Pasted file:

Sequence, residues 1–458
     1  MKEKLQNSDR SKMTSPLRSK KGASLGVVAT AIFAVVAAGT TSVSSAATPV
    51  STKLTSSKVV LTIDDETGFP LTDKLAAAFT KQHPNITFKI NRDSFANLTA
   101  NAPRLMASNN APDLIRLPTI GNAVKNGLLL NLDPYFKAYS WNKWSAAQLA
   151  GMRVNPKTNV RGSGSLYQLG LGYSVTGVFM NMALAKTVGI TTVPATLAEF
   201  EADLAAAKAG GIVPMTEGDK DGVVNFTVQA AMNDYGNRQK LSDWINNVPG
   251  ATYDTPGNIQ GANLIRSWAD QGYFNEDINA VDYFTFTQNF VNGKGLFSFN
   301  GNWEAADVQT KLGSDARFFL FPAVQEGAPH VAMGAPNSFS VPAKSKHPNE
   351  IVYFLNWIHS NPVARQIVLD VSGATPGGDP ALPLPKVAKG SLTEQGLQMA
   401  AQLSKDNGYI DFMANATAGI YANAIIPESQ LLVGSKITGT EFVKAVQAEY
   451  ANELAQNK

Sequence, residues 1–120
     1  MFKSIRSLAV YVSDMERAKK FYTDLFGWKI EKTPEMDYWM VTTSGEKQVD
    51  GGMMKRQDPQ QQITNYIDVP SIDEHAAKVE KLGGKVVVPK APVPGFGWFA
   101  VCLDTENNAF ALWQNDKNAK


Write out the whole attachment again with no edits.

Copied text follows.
Sequence, residues 1–458
     1  MKEKLQNSDR SKMTSPLRSK KGASLGVVAT AIFAVVAAGT TSVSSAATPV
    51  STKLTSSKVV LTIDDETGFP LTDKLAAAFT KQHPNITFKI NRDSFANLTA
   101  NAPRLMASNN APDLIRLPTI GNAVKNGLLL NLDPYFKAYS WNKWSAAQLA
   151  GMRVNPKTNV RGSGSLYQLG LGYSVTGVFM NMALAKTVGI TTVPATLAEF
   201  EADLAAAKAG GIVPMTEGDK DGVVNFTVQA AMNDYGNRQK LSDWINNVPG
   251  ATYDTPGNIQ GANLIRSWAD QGYFNEDINA VDYFTFTQNF VNGKGLFSFN
   301  GNWEAADVQT KLGSDARFFL FPAVQEGAPH VAMGAPNSFS VPAKSKHPNE
   351  IVYFLNWIHS NPVARQIVLD VSGATPGGDP ALPLPKVAKG SLTEQGLQMA
   401  AQLSKDNGYI DFMANATAGI YANAIIPESQ LLVGSKITGT EFVKAVQAEY
   451  ANELAQNK

Sequence, residues 1–120
     1  MFKSIRSLAV YVSDMERAKK FYTDLFGWKI EKTPEMDYWM VTTSGEKQVD
    51  GGMMKRQDPQ QQITNYIDVP SIDEHAAKVE KLGGKVVVPK APVPGFGWFA
   101  VCLDTENNAF ALWQNDKNAK